“The two leaders have decided to open a process of in-depth consultations, aimed at creating the conditions for ensuring confidence and proposing concrete measures toward common objectives,” the statement said, adding that Biden and Macron’s planned meeting next month was intended “to reach shared understandings and maintain momentum in this process.”
The conversation between the American and French presidents appeared to mark a deescalation in what has been one of the most tumultuous periods of the U.S.-French relationship in recent memory — an episode during which the United States’ oldest ally openly criticized the Biden administration for not making Macron’s government aware of the Australia-U.K.-U.S. partnership.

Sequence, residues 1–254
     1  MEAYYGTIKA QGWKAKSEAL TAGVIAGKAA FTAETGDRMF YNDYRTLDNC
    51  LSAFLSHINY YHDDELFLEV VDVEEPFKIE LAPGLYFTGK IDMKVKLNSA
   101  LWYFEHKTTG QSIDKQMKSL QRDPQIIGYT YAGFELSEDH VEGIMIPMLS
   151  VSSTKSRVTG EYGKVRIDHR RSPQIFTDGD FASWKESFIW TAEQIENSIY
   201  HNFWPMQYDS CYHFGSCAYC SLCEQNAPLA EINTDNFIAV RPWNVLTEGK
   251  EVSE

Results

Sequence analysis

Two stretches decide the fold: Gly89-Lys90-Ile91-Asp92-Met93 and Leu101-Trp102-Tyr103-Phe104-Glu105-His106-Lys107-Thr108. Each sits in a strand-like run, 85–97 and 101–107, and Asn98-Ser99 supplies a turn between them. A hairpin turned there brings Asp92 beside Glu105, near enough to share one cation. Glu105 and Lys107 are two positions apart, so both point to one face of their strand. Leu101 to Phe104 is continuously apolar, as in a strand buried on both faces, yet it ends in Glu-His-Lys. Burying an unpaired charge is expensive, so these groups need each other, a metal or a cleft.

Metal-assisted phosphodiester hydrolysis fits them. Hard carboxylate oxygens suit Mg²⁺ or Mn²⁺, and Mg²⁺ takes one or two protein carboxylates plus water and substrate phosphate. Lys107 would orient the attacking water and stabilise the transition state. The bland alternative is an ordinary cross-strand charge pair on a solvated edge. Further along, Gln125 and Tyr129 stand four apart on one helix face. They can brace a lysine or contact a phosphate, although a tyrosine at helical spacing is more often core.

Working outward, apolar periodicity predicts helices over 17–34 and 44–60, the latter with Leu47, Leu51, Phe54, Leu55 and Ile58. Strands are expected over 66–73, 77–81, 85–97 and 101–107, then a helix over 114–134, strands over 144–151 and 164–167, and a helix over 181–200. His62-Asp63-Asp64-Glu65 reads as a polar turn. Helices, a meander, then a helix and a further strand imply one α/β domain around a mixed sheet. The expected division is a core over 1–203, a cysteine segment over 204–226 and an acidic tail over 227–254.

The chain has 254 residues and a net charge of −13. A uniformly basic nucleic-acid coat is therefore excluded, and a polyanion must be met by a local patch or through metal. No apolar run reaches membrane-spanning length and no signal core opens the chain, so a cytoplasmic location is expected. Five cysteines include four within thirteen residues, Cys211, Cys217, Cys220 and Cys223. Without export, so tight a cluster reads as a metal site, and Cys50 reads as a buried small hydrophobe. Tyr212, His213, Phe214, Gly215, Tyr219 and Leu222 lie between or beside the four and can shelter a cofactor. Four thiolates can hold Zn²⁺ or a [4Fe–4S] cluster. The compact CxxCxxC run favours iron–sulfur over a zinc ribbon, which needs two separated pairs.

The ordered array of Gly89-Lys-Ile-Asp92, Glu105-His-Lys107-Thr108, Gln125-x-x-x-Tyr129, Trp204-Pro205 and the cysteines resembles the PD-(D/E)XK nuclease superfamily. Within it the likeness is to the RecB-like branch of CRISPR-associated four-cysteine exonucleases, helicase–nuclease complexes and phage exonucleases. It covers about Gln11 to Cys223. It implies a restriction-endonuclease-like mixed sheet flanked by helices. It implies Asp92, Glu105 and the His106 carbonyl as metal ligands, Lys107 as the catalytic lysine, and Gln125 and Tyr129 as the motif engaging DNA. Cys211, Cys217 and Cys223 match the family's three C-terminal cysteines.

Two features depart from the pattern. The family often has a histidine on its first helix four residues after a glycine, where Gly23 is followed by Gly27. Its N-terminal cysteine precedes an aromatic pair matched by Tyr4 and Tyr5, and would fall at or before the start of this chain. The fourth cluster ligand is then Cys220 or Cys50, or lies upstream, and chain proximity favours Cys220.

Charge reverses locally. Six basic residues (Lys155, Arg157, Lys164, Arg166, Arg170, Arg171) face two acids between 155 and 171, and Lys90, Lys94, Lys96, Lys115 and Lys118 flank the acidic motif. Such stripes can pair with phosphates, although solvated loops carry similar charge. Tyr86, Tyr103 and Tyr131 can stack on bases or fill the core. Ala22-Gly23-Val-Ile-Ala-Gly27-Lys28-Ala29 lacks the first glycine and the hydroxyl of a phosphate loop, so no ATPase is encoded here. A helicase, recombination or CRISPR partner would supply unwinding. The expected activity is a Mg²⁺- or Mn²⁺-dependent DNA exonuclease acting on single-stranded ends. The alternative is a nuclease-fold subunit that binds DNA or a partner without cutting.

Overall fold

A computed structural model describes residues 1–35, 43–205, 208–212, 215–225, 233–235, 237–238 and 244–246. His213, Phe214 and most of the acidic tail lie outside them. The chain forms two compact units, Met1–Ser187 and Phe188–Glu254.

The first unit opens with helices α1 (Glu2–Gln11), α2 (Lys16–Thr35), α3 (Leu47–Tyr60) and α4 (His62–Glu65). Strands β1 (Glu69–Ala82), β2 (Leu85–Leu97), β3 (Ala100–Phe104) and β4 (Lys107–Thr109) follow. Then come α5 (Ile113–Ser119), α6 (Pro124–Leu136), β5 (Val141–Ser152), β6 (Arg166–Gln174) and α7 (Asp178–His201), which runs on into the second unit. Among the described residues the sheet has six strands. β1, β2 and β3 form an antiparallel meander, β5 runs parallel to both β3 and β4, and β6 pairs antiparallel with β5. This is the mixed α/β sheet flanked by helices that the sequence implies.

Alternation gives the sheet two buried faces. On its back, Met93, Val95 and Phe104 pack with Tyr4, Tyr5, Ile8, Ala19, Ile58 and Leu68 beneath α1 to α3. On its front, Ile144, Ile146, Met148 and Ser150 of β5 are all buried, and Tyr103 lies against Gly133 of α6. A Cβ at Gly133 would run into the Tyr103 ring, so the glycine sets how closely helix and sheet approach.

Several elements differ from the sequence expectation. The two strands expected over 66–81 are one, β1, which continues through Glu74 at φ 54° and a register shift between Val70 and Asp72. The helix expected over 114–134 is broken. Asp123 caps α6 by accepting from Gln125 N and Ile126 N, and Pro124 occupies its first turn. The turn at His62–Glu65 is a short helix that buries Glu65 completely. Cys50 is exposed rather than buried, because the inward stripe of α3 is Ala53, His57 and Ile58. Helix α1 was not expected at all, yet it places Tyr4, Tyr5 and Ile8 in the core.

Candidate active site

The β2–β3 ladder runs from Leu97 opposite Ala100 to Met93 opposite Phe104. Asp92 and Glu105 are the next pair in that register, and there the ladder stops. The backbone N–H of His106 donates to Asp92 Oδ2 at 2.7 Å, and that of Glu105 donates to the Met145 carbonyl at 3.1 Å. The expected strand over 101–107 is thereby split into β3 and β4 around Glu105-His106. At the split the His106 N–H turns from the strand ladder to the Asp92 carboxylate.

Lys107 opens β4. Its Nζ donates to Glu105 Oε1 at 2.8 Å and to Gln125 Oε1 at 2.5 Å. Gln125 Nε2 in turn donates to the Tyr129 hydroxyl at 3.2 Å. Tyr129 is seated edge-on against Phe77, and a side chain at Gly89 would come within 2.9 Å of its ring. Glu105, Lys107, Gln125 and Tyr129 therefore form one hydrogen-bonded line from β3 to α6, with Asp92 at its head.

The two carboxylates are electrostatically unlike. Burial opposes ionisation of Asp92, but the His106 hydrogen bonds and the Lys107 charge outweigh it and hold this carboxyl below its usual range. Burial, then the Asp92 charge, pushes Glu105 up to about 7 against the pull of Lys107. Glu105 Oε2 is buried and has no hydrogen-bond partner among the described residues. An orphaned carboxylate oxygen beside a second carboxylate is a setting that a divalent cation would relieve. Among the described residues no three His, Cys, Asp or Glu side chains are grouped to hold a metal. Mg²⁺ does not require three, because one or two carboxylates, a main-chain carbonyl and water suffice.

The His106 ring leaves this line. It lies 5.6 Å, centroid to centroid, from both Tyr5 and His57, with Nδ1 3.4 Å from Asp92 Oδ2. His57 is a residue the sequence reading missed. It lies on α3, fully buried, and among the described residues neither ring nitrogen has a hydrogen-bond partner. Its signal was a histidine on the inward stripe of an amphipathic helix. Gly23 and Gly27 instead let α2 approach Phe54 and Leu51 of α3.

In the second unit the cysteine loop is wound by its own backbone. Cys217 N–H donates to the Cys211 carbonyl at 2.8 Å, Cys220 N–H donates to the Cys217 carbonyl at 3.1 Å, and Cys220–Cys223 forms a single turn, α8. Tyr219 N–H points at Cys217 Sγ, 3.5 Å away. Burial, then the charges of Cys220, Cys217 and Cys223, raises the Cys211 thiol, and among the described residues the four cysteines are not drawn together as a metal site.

Under the terms of the deal, announced last Wednesday, the three countries will work together over the next 18 months to share advanced technologies that will allow Australia to acquire American-made nuclear submarines. The alliance represents a thinly veiled international effort to counter China’s growing influence in the Indo-Pacific region.
But in joining forces with the United States and the United Kingdom, Australia abandoned a separate agreement to purchase $90 billion worth of French-designed diesel-electric submarines — angering Macron and prompting several world leaders to criticize Biden for the surprise pact he brokered with Australian Prime Minister Scott Morrison and British Prime Minister Boris Johnson.